T-Mobile Promises Not To Extend My Contract After Replacing Phone, Extends Contract

Image courtesy of (cool_colonia4711)

Philip’s wife’s phone wasn’t working very well. It would power-cycle and drain its own battery, and her texts get delayed. So he set out to get her a new phone, but this was a bigger challenge than he had expected. A replacement phone without extending the family’s contract apparently wasn’t an option. He managed to get a comparable new phone at no cost without extending his contract by calling the retention line to cancel, but this concession came with a price.

Philip writes:

I’m writing because of some spectacularly bad customer service that I received the other day. For months, my wife complained to T-Mobile that her cell phone wasn’t working properly. She would send texts that would be received by others weeks late. Her phone echoed. Recently, it began cycling off repeatedly, draining the battery.

On 1/21 we called to go through the process of either fixing the phone or getting a new one sent out. Considering she’d been issuing complaints about the phone’s operation for months prior to the end of its warranty period, we hoped T-Mobile would replace the phone with something without charge. A supervisor I spoke with agreed to send us a phone without charge. Before I agreed to the phone, I explicitly asked that our contract not be extended. She assured me that she wouldn’t extend the contract.

After getting off the phone, my wife researched the replacement phone and called back to request something that was more of an equivalent to the broken phone. The agent she spoke with said she would stop the processing on the first phone, would decide which phone would be an appropriate replacement, and would call us back the following evening. On 1/22, I called at 5:00 to ask about the return call. An agent explained that notes on the account said we’d be getting a call later in the evening. We were asked to be patient. At 7:00 I called again, and an agent confirmed that the notes said we’d be getting a call soon. At 9:00, I called again. Once more I was assured we’d get a return call. I expressed my skepticism, noting the late time of evening. Again, I was given assurance that I’d get the call.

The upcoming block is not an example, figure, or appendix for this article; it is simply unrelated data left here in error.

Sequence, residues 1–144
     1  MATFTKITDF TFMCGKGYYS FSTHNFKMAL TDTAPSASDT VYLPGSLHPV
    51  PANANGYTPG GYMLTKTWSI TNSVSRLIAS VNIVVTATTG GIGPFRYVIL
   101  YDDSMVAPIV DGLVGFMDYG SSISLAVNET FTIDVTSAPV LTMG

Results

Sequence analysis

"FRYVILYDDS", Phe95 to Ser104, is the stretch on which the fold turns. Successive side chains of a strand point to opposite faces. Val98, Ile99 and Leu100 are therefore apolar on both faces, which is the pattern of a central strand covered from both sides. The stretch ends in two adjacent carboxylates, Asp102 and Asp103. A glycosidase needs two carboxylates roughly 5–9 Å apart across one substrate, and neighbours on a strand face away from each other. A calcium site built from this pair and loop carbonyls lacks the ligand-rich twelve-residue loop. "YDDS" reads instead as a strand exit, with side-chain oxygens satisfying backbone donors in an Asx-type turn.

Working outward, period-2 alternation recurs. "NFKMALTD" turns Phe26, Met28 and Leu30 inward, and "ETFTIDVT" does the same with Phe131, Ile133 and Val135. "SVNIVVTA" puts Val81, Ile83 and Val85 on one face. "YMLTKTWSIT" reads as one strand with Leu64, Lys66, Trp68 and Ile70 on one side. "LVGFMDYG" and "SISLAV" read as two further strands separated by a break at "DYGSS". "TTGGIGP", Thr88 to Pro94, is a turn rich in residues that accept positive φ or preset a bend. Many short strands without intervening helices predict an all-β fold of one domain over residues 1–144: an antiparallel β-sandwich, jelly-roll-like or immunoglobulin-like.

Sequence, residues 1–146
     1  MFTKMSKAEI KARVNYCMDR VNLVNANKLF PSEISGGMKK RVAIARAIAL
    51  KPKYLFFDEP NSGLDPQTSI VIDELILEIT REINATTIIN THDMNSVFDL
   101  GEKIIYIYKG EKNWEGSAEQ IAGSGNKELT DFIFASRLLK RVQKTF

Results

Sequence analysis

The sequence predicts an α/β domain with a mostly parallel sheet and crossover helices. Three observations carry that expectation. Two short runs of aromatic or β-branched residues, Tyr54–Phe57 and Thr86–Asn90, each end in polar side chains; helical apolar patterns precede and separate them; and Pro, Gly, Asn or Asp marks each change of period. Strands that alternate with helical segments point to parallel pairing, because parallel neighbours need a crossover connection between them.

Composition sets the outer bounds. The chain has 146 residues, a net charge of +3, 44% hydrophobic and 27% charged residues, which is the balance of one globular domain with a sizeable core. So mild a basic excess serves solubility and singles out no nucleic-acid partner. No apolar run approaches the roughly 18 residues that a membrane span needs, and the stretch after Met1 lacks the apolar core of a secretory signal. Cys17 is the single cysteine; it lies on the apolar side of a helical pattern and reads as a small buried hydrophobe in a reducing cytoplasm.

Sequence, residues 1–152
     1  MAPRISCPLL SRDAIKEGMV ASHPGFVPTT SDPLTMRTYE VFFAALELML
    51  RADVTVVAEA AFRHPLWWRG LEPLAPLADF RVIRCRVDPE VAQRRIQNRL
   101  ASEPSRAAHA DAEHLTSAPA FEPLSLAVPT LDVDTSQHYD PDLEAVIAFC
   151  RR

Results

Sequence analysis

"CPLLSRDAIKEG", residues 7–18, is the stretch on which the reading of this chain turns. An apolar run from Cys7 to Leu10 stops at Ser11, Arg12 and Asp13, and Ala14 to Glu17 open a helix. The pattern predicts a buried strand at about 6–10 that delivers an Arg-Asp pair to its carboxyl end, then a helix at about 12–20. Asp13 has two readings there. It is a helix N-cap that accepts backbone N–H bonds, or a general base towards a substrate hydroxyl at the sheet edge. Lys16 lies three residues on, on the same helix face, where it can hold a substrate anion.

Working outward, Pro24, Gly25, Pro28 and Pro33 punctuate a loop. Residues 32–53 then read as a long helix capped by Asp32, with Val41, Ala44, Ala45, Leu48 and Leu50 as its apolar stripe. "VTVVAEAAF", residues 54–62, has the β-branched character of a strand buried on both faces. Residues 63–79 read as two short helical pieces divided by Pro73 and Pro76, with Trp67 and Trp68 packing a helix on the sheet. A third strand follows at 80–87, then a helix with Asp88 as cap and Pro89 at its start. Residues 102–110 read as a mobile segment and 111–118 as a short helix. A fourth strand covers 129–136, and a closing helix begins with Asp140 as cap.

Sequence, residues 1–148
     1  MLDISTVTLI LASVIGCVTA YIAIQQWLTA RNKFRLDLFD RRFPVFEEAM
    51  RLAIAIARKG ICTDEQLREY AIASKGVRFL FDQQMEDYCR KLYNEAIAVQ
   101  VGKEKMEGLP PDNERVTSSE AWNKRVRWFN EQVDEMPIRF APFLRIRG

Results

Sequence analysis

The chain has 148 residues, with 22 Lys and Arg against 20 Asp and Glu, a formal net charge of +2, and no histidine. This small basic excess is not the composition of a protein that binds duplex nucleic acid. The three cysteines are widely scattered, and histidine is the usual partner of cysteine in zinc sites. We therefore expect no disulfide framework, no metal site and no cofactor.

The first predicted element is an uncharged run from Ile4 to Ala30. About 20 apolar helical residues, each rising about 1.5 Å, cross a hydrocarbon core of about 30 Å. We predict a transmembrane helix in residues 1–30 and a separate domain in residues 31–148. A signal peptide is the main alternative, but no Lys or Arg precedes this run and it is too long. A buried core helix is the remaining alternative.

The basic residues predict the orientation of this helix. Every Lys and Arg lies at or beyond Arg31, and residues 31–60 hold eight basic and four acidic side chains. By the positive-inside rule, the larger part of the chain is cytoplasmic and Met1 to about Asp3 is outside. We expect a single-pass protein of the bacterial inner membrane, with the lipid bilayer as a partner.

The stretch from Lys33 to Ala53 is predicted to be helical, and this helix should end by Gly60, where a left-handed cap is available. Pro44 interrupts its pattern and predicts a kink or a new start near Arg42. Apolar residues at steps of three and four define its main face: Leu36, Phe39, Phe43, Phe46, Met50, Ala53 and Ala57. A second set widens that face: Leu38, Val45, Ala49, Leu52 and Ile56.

At 9:30, I called one last time. The agent I spoke with wondered aloud why we were expecting a call considering we’d been told the return call would be made on 1/30. I asked her to review the notes on the account, and she was adamant that nothing else was written on the account. Someone retroactively altered the notes.

After that call, I logged onto T-Mobile’s website, where I found they’d extended my contract through 2015 (it was supposed to expire 8/13). I called again to cancel my account, and to switch to another carrier. The first person in retentions dropped my call. I called again. The second person in retentions put me on hold, she said, to “read my account notes.” Moments later, someone in technical assistance picked up the phone and asked if he could help me.

I hung up and got a third retentions agent, [D], who I asked to cancel my account. This person wanted to make a deal with me while I was insistent that he cancel the account. Asking me why I was angry, I instructed him to review the notes on my account. He responded with, “I see you have a technical problem.” I said, “No. My problem is that I’m trying to cancel my account, but you aren’t doing that.” He told me he’d cancel my account, and I insisted he put a supervisor on the phone. The supervisor reviewed the notes, and explained back to me precisely the circumstances that had frustrated the hell out of me. She asked, “What can we do to fix this?” I said, “I want a phone that is the equivalent to the one that broke. It’s all we asked for from the start. I also want the account to show that our account will expire on 8/13.” She agreed to do this, and so I calmed down.

This morning, I checked T-Mobile’s website to find out they were sending my wife an upgraded phone free of charge, and that [D] had scheduled her phone line to be shut off at the end of the billing cycle. I’m still banging my head on the wall.

If they really do shut off her phone or keep this plan on the books, we’ve found that T-Mobile is pretty receptive to executive e-mail carpet bombs. Launch one and her line just might be switched back on to use that shiny new phone.

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